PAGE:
We leave tonight, June 14th, to start our eight week excursion to Guatemala, a country that is known for its beautiful landscapes, rich indigenous culture and unfortunately,  for its social inequality and extreme poverty. Guatemala has emerged from a brutal 36 year civil war as one of Central America’s largest economies with democratic and macroeconomic stability. The past ten years for Guatemala may seem to represent a period of growth and prosperity but a closer look reveals a country that has been unable to address chronic problems in it’s society. According to the most recent World Bank Report, more than 50% of Guatemala’s population lives below the poverty line and 15% live in extreme poverty. For the indigenous population, that comprises 38% of the population, these statistics rise dramatically to 76% living in poverty and 28% in extreme poverty.

        These statistics are shocking and cause me to immediately question how such a seemingly rich economy can leave so many people to suffer. Many people such as Samuel Loewenberg who wrote Political Will is Scarcer than Food, an article about malnutrition in Guatemala, blame a lack of political will to tax the rich and help the poor. Whatever the reason, the reality is that over half Guatemalan’s children are chronically malnourished (6th worst in the world) and in rural areas where the population is mostly of Mayan descent malnutrition reaches 80%. Something must be done. The question is what should be done and how can we help to make it happen?

        Without going to into an in depth debate on development, I believe that action needs to be taken at many levels through government programs, charitable work etc. But the solution that has best resonated with me, as an economic and international relations major at Claremont McKenna College, is through microfinance. If done correctly, Microfinance has the potential to provide financial services, such as credit and savings, as well as non-financial services, such as health insurance and health education. Instead of giving handouts through charity, Microfinance works to help the poor bring themselves out of poverty in a way that is sustainable.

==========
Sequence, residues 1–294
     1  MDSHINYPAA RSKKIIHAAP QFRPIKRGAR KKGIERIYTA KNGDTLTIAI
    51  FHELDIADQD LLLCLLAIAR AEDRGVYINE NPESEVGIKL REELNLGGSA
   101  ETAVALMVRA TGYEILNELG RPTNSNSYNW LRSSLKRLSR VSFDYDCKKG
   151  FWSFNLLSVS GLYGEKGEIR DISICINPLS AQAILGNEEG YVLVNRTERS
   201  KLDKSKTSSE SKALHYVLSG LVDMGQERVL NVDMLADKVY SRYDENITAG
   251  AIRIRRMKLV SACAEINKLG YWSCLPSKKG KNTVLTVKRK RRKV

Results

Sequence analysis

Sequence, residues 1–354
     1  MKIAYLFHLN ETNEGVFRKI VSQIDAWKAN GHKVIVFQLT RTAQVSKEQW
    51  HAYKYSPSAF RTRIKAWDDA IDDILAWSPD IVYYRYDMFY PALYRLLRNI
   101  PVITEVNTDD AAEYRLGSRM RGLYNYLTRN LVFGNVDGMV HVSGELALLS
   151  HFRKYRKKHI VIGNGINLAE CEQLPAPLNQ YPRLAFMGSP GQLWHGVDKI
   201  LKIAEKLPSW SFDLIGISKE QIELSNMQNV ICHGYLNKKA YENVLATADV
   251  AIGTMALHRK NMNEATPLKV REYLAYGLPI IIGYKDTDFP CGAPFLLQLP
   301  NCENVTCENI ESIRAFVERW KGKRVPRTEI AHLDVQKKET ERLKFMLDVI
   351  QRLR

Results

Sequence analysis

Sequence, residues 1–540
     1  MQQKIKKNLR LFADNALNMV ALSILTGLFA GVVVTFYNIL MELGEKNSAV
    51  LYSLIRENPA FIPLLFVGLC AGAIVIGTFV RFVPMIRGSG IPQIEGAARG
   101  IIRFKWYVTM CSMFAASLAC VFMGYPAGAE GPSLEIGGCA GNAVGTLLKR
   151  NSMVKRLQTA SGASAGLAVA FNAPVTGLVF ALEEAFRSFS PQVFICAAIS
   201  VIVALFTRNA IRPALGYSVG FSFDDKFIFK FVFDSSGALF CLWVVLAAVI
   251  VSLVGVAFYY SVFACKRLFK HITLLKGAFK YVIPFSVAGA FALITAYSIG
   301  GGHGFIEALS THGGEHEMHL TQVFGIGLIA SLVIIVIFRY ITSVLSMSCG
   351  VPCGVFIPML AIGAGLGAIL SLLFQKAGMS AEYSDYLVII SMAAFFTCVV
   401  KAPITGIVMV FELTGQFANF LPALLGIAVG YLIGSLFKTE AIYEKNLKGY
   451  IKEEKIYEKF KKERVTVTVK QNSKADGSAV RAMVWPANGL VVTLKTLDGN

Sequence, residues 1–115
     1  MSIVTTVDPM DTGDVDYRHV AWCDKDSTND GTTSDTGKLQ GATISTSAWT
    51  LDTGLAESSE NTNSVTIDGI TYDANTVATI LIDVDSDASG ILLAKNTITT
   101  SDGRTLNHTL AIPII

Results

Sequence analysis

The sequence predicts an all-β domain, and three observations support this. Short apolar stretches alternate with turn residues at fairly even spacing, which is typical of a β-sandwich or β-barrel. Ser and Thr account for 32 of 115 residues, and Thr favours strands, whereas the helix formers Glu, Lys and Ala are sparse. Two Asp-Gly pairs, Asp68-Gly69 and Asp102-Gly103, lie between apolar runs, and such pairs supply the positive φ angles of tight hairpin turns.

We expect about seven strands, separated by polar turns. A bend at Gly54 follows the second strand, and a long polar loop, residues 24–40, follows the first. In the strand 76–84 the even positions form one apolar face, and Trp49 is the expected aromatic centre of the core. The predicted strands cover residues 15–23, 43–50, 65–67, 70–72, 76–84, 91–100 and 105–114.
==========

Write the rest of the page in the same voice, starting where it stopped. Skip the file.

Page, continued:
This week I was listening to an NPR radio show (How Foreign Aid Hurts Haitian Farmers) on how food aid to Haiti has caused Haitian rice farmers that were unaffected by the earthquake, to face the dilemma of eating their own crop or selling it for almost nothing and going hungry to try and keep their children in school. The price of rice has dropped because so much of it was freely given in the relief effort. Clearly we cannot allow for people to go hungry after natural disasters but maybe we need to rethink the solution.

      Part of this solution may be Fonkoze in Haiti or Banrural Grameen Microfinanzas in Guatemala. These organizations target the poorest of the poor and have shown to do amazing work. It is with these thoughts in mind that Chris, Sean, Ryan and I have chosen to spend our summer in the rural village of Pena Blanca where Grameen Guatemala has started a microfinance program. Hopefully by bringing an open mind and a desire to learn, this summer may begin to provide some answers (As long as Chris doesn't gamble away our dollar budget)

5/10/2012 01:36:33 pm

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